Tales and legends
The " Enervés " of Jumièges.
presented by F. ALLAIS
Saint Philibert founded Jumieges Abbey in 654. King Clovis II and QueenBathilde's generosity allowed him to build three cllurches. The first one was
dedicated to the Virgin. Its altar was decorated with gold, silver and gemsthanks to the help of Saint Bathilde 's munificence and devotion.
These royal donations favoured Saint Philibert. Then he sent for seventyBenedictine monks who led edifying lives.
A large number or lords, attracted by the food name of the monastery cameto devote their lives to Cod after giving their property to the Abbey.
In ten years, the religious community grew up to eight hundred people. Inspite of the Abbey's wealth their rule of lift was most austere.
As early as the Middle Ages, the monks had claimed that Clovis II andBathilde had granted the monastery one fourth of the income of the crown
until it had enough means to support a great deal of monks.the " Enerves " Legend, just as the Wolfs we told you about in the previous
book is said to date back to the foundation of the Abbey. indeed the Kingand the Queen had to give their royal assent and a financial assistance for
such a monument to be built.As a tribute to these generous sovereigns, the monks imagined this
wonderful and dramatic legend between the twelfth and the thirteenthcentury. As early as those days a fresco was painted on the walls of the
cloister. In numerous paintings it depicts the different episodes of thistragedy. Low reliefs located at the feet of Clovis and Saint Bathildes statues
show the princes collected by Saint Fhilibert from their small boat and the
presentation of the clerical dress.The tomb of the " Enervés " , also seems to date back to the same period. They
are dressed in the same way as the heirs of the French realm at the beginningof the thirteenth century as they can be seen today in Saint Denis Basilica.
An · " Enervé " is a personn whose nerves have been stripped off.
The head of one of the "Enervés" of Jumièges
The " Enervés " in the " Franciade "
In the sixteenth century, the most famous French poet, Pierre de Ronsard,mentioned this legend in his Fourth Canto of the Franciade in 1562.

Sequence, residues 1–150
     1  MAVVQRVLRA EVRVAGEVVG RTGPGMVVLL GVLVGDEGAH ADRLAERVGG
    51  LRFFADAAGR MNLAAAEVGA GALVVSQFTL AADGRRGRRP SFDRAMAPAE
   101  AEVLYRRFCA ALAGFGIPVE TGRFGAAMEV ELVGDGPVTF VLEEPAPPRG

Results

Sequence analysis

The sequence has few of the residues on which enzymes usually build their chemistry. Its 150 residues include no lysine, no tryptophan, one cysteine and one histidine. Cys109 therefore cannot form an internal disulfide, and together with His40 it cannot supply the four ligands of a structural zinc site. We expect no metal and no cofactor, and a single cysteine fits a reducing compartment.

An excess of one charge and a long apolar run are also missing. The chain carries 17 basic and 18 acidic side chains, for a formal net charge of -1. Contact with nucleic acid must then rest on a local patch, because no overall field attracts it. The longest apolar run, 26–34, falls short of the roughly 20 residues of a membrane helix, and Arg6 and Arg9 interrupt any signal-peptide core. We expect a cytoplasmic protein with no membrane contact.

" Puis (le roi) retourné pour quelque trouble en FranceDe ses enfants punira l'arrogance,Qui, par flatteurs, par jeunes gens deceus (trompeurs)
Vers celle ingrats qui les avait conçusDe tout honneur dégraderont leur mère,Et donneront la bataille à leur père.Leur mère adonc,ah!mère sans merci !l (pitié)
Fera bouillir leurs jambes, et ainsyTous meshaignez (mutilés) les doit jeter en SeineSans guide iront où le fleuve les meine,
A l'abandon des vagues et des ventsGrave supplice afin que les enfants,Par tel exemple, apprennent à ne faire
Chose qui soit a leurs parents contraire. "This canto strives toward a moral design whose aim is to show the respect
that children owe to their parents. No redeeming or religious promise forthese rebellious and insubordinate sons. The Queen herself brings justice
against them in the most rigorous way. No leniency softens their tragic end.
The Legend of the " Enervés " after Adrien Langlois
The version we have decided to submit to yous by far the most completeand the noblest one. It is attributed to Dom Adrien Langlois who had been
elected prior of Jumièges Abbey in 1615." It is in this holy place (Jumièges Abbey) that the two eldest sons of
Clovis II and St Bathilde were sent by heaven to repent "The hand written history cluotes that Clovis was very young when he
succeeded to the French throne after the death of his father Dagobert. Hemarried a foreigner, a Saxon called Bathilde, who was canonised by the
Church as one of its saints. Clovis had five sons by her through thechroniclers never mentioned the two youngest ones because of their infamy
and they considered them as unworthy to come down to posterity as royalchildren.Some historians declared that Clovis was full of piety and devotion.